LV Systolic Function

See TTE exam LV for basic info.

LV dysfunction may be from primary cardiac disease or secondary to sepsis.
Standard echo does not measure contractility. Echo measurements of systolic function are dependent on preload, afterload and HR which should be kept in mind. For example a poor LV will often perform better with IPPV as preload and afterload are reduced.
Echo methods for measuring contractility include velocity of circumferential fibre shortening and LV wall stress relationship, mean and maximum acceleration of aortic blood flow, LV external power, maximal elastance and speckle tracking but are beyond the scope of this teaching (until such time as they come into general usage).
Dp/dt is predictive of the need for inotropes in cardiac surgery but it correlates well with fractional shortening which is simpler to measure. It can be useful with significant AR and MR which make EF inaccurate in measuring systolic function.
It is of course more important to see what the heart is actually doing, rather than what its intrinsic (load independent) contractility is, when clinical interventions are being planned.
Predicting EF accurately from eyeballing requires significant experience but there is evidence that eyeballing the LV and classifying it a normal, moderately impaired or severely impaired can be done with limited training.

LV failure

Decompensated - dilated cardiomyopathy, IHD, valve disease (AR, AS, MR). Dilated, thin walled LV with severe pulmonary hypertension.

Acute - AMI (extended or complicated eg acute regurg), sepsis, AR, myocarditis, contusion, drugs, dynamic LVOT obstruction. Normal sized LV, RWMAs if AMI, global dysfunction otherwise, moderately raised PA pressure.

Cardiogenic shock is caused by AMI more than 90% of the time. The mortality is 50-60%.
Tei index is relatively independent of HR and BP, is not based on geometric assumptions and is a better prognostic indicator for death than EF in dilated cardiomyopathy.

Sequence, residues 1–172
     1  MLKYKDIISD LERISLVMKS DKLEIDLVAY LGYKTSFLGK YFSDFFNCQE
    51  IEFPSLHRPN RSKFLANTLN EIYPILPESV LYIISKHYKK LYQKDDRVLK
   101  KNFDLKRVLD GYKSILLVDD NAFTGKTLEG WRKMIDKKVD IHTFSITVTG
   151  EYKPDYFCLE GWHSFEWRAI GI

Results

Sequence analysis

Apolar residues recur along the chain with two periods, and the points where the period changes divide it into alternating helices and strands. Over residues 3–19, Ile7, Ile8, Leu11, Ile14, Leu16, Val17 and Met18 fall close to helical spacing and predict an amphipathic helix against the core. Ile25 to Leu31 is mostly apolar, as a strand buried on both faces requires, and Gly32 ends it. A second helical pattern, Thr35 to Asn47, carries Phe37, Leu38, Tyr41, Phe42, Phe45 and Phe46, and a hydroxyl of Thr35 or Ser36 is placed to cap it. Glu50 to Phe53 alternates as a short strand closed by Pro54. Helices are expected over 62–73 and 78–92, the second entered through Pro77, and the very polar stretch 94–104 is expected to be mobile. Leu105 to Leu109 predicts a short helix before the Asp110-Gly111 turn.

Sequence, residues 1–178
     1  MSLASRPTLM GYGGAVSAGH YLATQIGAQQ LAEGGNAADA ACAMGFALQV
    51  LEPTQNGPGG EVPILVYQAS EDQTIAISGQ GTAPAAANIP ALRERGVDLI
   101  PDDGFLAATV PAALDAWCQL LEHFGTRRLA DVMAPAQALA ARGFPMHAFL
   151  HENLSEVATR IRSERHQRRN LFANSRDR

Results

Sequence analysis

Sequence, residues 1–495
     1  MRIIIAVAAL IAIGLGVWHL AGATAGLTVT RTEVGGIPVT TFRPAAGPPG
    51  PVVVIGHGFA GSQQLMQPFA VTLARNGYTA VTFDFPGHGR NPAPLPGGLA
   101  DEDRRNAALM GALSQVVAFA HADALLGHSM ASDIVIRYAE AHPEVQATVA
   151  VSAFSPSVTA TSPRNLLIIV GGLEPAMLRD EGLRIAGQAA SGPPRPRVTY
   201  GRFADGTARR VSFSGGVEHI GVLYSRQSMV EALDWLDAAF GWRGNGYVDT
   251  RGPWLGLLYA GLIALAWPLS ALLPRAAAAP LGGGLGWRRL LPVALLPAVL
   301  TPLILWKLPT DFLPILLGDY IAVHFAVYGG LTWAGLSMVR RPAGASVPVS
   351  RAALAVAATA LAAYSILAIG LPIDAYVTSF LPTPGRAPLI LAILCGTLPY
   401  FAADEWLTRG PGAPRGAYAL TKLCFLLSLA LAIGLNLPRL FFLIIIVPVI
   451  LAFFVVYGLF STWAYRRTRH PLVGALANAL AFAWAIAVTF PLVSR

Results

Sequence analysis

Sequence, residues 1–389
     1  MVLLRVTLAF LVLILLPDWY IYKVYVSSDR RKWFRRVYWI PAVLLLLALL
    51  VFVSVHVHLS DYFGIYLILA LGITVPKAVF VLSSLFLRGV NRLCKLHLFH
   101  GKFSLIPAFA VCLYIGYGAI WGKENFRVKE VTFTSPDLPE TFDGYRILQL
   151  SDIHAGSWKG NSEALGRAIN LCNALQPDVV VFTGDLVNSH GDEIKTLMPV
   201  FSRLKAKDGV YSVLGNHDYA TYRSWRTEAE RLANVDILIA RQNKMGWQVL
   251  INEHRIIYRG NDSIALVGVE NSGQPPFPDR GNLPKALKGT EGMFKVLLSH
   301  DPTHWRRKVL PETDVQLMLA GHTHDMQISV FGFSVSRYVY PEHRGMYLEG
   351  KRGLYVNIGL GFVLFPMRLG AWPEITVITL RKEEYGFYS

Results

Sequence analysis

While most causes of cardiogenic shock are caused by AMI, in critical care the commonest cause is sepsis. In Sepsis, myocardial depression (LV and RV) is present in up to 60% in the 1st 3 days.

VSR accounts for 4% of cardiogenic shock after AMI. Causes L to R shunt. Often seen at a thinned dyskinetic area +/- a pseudoaneurysm (a pseudoaneurysm is an incomplete rupture sealed with thrombus and pericardium).
The Vmax of the shunt reflects the LV pressure gradient and if LV pressure is assumed to be equal to systolic pressure, RV systolic pressure can be calculated.

Papillary muscle rupture and acute MR = 7%. Associated with inferior MI involving the postero-medial papillary muscle. Causes eccentric MR with normal LA size.

Myocarditis - autoimmune, infection, drugs, hypersensitivity. Often prodrome of flu-like illness. Can cause global or regional dysfunction. LV usually not dilated and may have wall thickening.

Stress cardiomyopathy. Results from emotional stress and causes apical ballooning. Coronary arteries are normal. Presents acutely and is reversible.

Aortic regurgitation. Acute AR usually caused by endocarditis or aortic dissection. Acute AR can be distinguished from chronic by the PHT. If acute the LV has not had time to adapt to the increased volume so SV falls and pressure rises. The CW doppler trace reflects how quickly the aortic and LVEDP pressures equilibrate in diastole. Because the LVEDP increases rapidly with each AR jet the deceleration time of the CW doppler trace is short (PHT <200 ms). Fluttering or premature closure of the anterior MV leaflet may also be seen.

AS and MS can present acutely in times of increased demand occurs (pregnancy, thyrotoxicosis, tachyarrhythmias).